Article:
How to Attract an Agent: Theme


As we continue to examine what helps an author’s work to stand out, I’m excited to dive into one of my favorite topics: Theme.

Theme gets a bad reputation sometimes. I’ve heard some authors insist that theme is not important or that their work doesn’t have an identifiable theme. I heartily disagree on both counts. Consider this quote taken from The Editor’s Blog:

Stories that are written well always have a theme. Maybe several. Well-written books are tied with threads and common elements that speak to theme, that allow readers to draw conclusions about life. Poorly written books, with unrelated plot threads, characters, and events, may not have a theme. The story elements may be so far apart that the reader can draw no conclusion about the tale. The story may lack unifying elements and cohesion. But a story that’s not about anything is probably not one readers will remember. It’s probably not one writers want to write. A good theme can be a unifier. An ill-formed theme can make a book incomplete and unsatisfying.

Unsatisfying. Lacking cohesion. Forgettable. I don’t know any author who wants their work described that way! And yet, I think the confusion or hesitancy around establishing a great theme may simply come from a misunderstanding of theme as a concept.

What is theme?


Theme can be defined as the overall message or meaning of the book. It’s the takeaway for the reader, the thing that makes an impact as they’re applying the story to their own life.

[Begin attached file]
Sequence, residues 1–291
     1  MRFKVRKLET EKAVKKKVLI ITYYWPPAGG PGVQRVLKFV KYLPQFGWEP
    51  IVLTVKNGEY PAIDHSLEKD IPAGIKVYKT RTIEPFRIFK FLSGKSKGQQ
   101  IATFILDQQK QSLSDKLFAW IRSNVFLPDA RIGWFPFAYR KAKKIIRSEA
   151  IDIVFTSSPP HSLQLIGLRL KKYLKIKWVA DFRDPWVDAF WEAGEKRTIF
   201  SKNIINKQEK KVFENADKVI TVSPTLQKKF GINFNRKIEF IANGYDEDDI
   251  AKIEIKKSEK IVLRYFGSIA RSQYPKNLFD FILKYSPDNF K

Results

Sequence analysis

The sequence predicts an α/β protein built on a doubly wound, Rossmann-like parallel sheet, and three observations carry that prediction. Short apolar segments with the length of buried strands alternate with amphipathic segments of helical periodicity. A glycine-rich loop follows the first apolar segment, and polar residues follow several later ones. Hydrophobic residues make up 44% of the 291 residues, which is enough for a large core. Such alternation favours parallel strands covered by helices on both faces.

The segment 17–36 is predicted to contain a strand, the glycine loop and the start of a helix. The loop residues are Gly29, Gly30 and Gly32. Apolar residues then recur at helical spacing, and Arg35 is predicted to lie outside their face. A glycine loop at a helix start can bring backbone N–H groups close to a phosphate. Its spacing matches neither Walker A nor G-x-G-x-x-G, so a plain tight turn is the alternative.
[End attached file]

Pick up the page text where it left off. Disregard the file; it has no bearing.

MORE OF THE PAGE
Sometimes theme can be equated with a lesson, but I think that’s sort of dangerous actually. Thinking about theme as a lesson can make for a didactic or “preachy” kind of book; it turns a story into a lecture. (Boring!)


Instead, I think it’s helpful to think about theme as the WHY that holds the story together. WHY does this story matter? WHY should readers care?

Theme vs. purpose


Let’s pause for a second to clarify the difference between theme and purpose, because purpose also revolves around a WHY: Why did the author write this book?


An author’s purpose usually falls into one of three main categories: persuade, inform, or entertain. (You may remember the easy acronym from grade school: PIE.) In reality, there are many more sub-purposes, but we'll stick with these for simplicity's sake.

So an author may very easily identify their WHY. They want to tell a silly story about dinosaurs (entertain). They want to write about different kinds of construction equipment (inform). They want to convince readers to brush their teeth (persuade).

All those things are great. But they aren’t theme. Purpose is the “why” for the author. Theme is the “why” for the reader.


Theme as a thread


Theme provides a common thread that stitches through the pages of a book, then reaches out to tie in the reader.


I once received a submission for a cute counting book. As the main character was trying to fall sleep, they began counting things in their room…in the first half. In the second half, the main character started counting something else (which I’ll not name in an effort to respect the author’s privacy).